A transformative story told with poetic description and the adventurous spirit of youth. Read the review here.
I was honored to be interviewed on June 13, 2019, by Linda Joy Myers, founder of NAMW (National Association of Memoir Writers). It was a special pleasure because I had worked on this memoir in Linda’s Writing as Healing class over several years. With Linda Joy’s encouragement and support, I discovered an authentic voice and my writing evolved to include poetry as well prose. In this interview, I share my struggles with the inner critic, and the importance of expressing my story with love. You can read more of this interview at the NAMW.org. You can also listen to the audio archive here.
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Writing about the process of writing has always baffled me, so it was both an honor and a challenge to come up with a submission for The Magic of Memoir, an anthology co-edited by my friend and mentor, Linda Joy Myers of the National Association of Memoir Writers (NAMW) and Brooke Warner, publisher par excellence of SheWrites Press.
How to describe a highly personal process that compels and confounds me by equal turns each time I sit down to write? Do I find the words or do they find me? Do I wait forever for the Muse, or do I have to jolt her into action?
Toni Morrison describes at least a part of the process when she says,
“The controlling image is useful because it determines the language that informs the text. Once I know what the shape of the scar is, once I know that there are two patches of orange in that quilt, then I can move. Once I have the controlling image, which can also work as the metaphor – that is where the information lodges. When I know where the white space is, when I know where the broad strokes are.”
The Magic of Memoir offers an array of perspectives as diverse as its writers. Each essay and interview grapples with another facet of the mystical, maddening, often painful yet ultimately enlightening process of searching for the truth in our lives. Not an Absolute Truth, but our own truth. Not only our own truth, but most of all, the owning of our truth. Because to write a memoir is to name, reclaim, and struggle toward accepting our lives with all their beauty, blemishes, triumphs, and regrets. To stretch our hearts wide enough to include both light and shadow, to laugh all our laughter and cry all our tears, to reassemble the fragments of our lives into a semblance of wholeness, and yes, to cleanse and heal our wounds through the magical act of writing.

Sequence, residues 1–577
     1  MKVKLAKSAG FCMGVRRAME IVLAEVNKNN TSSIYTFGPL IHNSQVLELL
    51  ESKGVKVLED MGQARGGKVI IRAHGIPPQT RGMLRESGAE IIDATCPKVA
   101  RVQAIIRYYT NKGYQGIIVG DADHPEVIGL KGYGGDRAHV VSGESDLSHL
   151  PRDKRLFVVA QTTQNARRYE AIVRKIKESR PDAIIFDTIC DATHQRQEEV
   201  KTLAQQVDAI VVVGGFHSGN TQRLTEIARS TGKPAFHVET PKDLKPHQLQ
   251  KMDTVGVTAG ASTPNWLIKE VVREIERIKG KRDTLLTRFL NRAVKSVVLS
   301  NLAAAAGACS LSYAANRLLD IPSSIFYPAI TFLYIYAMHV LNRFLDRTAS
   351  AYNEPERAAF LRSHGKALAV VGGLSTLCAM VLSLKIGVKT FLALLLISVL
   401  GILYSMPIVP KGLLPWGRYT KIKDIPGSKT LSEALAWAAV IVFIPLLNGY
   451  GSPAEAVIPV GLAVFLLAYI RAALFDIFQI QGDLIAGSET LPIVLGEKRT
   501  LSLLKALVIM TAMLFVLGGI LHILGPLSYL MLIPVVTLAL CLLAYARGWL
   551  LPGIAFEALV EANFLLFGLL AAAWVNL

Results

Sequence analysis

But what kind of magic, the skeptic in me asks? The happily-ever-after-sugar-coated variety, or the heart-of-darkness tell-all confessional? A labyrinthian expedition to unearth our ancestry, or a doomed trip down a raging river? How can we trust our memory to distinguish between fact and fantasy? The answers to all these questions and more will surprise you.
One thing is certain, however. The memoir journey is not for the faint of heart, as the author Mary Karr warns in her interview with Brooke. Mary tells her students, “…if you don’t really have to do this, if you can live a happy life…”
Linda, who is also a therapist, adds another note of caution.
“Those memoirists who refuse to delve into the darkness, or who insist that their story is nothing but a fairy tale existence that anyone would envy tend to uncover the family myths that perpetuated the fantasy in the first place…True memoir emerges like a beast from the gut and the heart, and it’s the writer’s job to tame it, to get to know it, to dance with it – until it becomes a more palpable and ultimately beautiful creature…”
Taming? Like a lion tamer perhaps, yet the challenge is to control the lion without reducing its roar to the purr of a pussycat.
My own initial inkling of the power of memoir came with the writing of my mother’s obituary. Despite my grief, each word made me feel as if I were breathing her back to life through a kind of spiritual CPR that also made me realize her love of language was the inspiration for all my writing. In The Mythic Journey of Memoir (my own chapter in The Magic of Memoir), I liken my writing process to flying in a time machine. First I designate myself as the pilot; next I buckle my internal editor firmly into the backseat; and finally I wave goodbye to my inner critic. She will not be accompanying me on this trip. I must fully trust in my own skills and power without the distraction of her naysaying. When I’m ready for take-off I let the sights, sounds, smells and feelings of a particular scene to crystallize behind my eyes.
“Then, whoosh! Piloting through space and time, I visualize the people, places, conflicts and “take-aways” I want to write about. Soon the landscape of memory rushes up to greet me as if I’ve just landed back in 1963, when my memoir begins.
When a girlish figure with bright red curls materializes on the tarmac, I recognize her as my adventurous, adolescent spirit who first led me to Israel and later to France, fueled (or fooled?) by a mix of idealism, bravado and naiveté. As I step onto the rocky soil, a blast of hot air hits me and I squint into the sun that blazes over the hills of Galilee. From a ramshackle shed nearby, comes the sound of doves cooing…and the tantalizing scent of something frying. Suddenly something pricks me through my sandal. Ouch! My entire body quivers. A scorpion? No, it’s only a pesky thorn. Once more, the beauty and danger of this place envelope me body and soul.”
Contrary to some popular misconceptions, writing a memoir is not simply egocentric navel-gazing. Through the magical crucible of art, the purely personal becomes universal. What began as patchwork pieces can be woven into a tapestry to be shared with readers.
In need of inspiration for your writing journey? Need to silence your nattering nabobs of negativity? Just open The Magic of Memoir and you’ll be on your way.[/et_pb_text][/et_pb_column] [/et_pb_row] [/et_pb_section]